Arthritis decreased epididymal WAT weight (P<0.01; Table 2). Similar to body weight gain, the decrease in epididymal WAT weight in arthritic rats can be secondary to inflammation and to the decrease in food intake, as pair-fed rats had epididymal WAT weight values between those of control and arthritic rats. Fenofibrate administration was not able to significantly increase absolute epididymal WAT weight in arthritic rats. Pair-fed rats had lower absolute gastrocnemius weight than control rats (P<0.01; Table 2), but relative gastrocnemius weight was similar in pair-fed and in control rats (483±20 mg/100 g bw ±s.e.m. vs 505±20). Arthritis decreased gastrocnemius and soleus weights (P<0.01). As we have previously reported (17), the inhibitory effect of arthritis on muscle mass is higher in gastrocnemius than in soleus (49% of control rats vs 58%). In arthritic rats, fenofibrate increased gastrocnemius weight to higher levels than arthritic rats treated with vehicle (P<0.01), but lower than those of pair-fed rats or control rats treated with fenofibrate (P<0.01). In contrast, fenofibrate prevented the inhibitory effect of arthritis on soleus weight, and arthritic rats treated with fenofibrate had similar soleus weight than pair-fed or control rats.

Arthritis decreased glycogen concentration in the liver (P<0.01; Table 2). This decrease seems to be due to inflammation, as pair-fed and control rats had similar liver glycogen. In control rats, fenofibrate decreased liver glycogen, but to a lesser extent than arthritis did. Serum concentration of glucose was not significantly modified by arthritis or fenofibrate treatment.

Adipokines and insulin

Arthritis decreased serum concentrations of adiponectin (P<0.01; Fig. 1A). This effect was not mediated by the decrease in food intake, as pair-fed rats had serum concentrations of adiponectin similar to those of the control rats. Fenofibrate administration to arthritic rats increased serum concentrations of adiponectin (P<0.01). Arthritis also decreased serum concentration of leptin (P<0.01; Fig. 1B). This decrease is in part due to the decrease in food intake, as pair-fed rats also had lower leptin levels than those of control rats (P<0.05). Fenofibrate treatment prevented the inhibitory effect of arthritis on serum leptin, whereas in control rats, fenofibrate did not modify serum concentration of leptin. In contrast to serum adiponectin and leptin concentrations, arthritis, fenofibrate treatment, or pair-feeding the rats did not change serum concentration of resistin (Fig. 1C).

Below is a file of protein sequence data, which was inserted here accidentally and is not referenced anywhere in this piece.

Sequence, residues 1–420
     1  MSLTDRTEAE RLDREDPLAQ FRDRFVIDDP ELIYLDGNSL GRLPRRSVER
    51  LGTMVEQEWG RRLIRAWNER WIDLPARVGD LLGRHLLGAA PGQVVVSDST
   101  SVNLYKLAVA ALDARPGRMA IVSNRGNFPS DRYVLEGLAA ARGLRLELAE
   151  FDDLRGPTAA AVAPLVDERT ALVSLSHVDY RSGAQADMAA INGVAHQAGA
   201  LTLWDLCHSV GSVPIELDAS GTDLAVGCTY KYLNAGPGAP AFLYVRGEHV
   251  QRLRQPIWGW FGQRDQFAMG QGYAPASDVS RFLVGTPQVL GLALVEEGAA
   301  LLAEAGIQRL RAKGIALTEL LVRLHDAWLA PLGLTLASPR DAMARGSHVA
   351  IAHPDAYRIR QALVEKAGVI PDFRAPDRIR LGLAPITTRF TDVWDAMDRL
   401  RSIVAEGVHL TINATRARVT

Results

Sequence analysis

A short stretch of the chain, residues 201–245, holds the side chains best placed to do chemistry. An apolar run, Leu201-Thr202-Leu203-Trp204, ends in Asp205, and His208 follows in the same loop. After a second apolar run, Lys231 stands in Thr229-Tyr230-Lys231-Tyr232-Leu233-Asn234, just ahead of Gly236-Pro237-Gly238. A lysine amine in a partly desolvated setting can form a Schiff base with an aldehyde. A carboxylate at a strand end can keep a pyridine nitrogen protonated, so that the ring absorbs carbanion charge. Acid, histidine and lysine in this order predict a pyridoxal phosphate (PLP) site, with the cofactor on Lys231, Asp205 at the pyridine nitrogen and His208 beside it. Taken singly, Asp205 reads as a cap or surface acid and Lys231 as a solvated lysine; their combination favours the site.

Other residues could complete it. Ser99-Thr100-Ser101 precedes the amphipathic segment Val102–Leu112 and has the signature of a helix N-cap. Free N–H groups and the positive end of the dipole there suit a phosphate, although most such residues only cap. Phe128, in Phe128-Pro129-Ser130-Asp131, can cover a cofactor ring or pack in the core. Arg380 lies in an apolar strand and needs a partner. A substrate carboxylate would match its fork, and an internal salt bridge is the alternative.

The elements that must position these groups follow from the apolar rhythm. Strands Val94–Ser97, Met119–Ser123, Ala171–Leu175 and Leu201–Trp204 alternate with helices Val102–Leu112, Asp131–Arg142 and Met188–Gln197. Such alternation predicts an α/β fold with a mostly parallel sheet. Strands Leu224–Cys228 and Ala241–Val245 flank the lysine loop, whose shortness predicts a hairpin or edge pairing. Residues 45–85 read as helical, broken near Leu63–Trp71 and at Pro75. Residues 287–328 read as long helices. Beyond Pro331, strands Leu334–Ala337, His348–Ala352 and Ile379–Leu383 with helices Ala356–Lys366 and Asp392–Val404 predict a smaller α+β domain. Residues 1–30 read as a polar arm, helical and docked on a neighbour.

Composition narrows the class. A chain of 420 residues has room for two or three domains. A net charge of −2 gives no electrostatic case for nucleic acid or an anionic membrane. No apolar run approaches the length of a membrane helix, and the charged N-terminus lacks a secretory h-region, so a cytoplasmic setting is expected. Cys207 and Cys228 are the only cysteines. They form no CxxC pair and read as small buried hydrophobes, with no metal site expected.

Figure 1
Figure 1

Serum concentrations of adiponectin (A), leptin (B), resistin (C), and insulin (D) in control (C), arthritic (AA), and pair-fed (PF) rats treated with fenofibrate (300 mg/kg) or vehicle. Arthritis decreased serum adiponectin, leptin, and insulin (P<0.01). In arthritic rats, fenofibrate increased serum adiponectin and leptin. Data represent mean±s.e.m. (n=9–17 rats). **P<0.01 vs control rats, *P<0.05 vs control rats, ++P<0.01, +P<0.05 vs pair-fed rats, ##P<0.01 vs arthritic rats treated with vehicle, °P<0.05 vs control rats treated with fenofibrate.

Citation: ENDOCRINE CONNECTIONS 1, 1; 10.1530/EC-12-0003

Arthritis also decreased serum concentrations of insulin (Fig. 1D). This decrease is not secondary to modifications in food intake, as pair-fed rats and control rats had similar serum insulin levels. In control and in arthritic rats, fenofibrate treatment did not modify serum concentrations of insulin.

In arthritic rats, either treated with vehicle or fenofibrate, there was a positive correlation between soleus weight and circulating adiponectin (r=0.403, P<0.01). In contrast, there was not a correlation between soleus weight and serum concentrations of leptin, resistin, or insulin.

Soleus

In addition to soleus weight, arthritis also decreased soleus cross-sectional area and mean fiber area (P<0.01; Fig. 2A, B, C and D). Those inhibitory effects are not secondary to the decrease in food intake, as they were not observed in pair-fed rats. Fenofibrate administration to arthritic rats increased mean fiber area (P<0.05; Fig. 2B). In arthritic rats treated with fenofibrate, soleus cross-sectional area values were between those of arthritic rats treated with vehicle and those of pair-fed rats (Fig. 2C and D).

Figure 2
Figure 2

Effect of arthritis and fenofibrate (300 mg/kg) on soleus weight (A), mean fiber area (B), and cross-sectional area (D). Representative cross sections of the soleus (C). C, control; AA, arthritic, or PF, pair-fed. Arthritis decreased soleus weight, mean fiber area, and cross-sectional area (P<0.01). Fenofibrate increased soleus weight and fiber area in arthritic rats. Data represent mean±s.e.m. (n=6–8). **P<0.01 vs control rats, ++P<0.01 vs pair-fed rats, ##P<0.01, #P<0.05 vs arthritic rats treated with vehicle.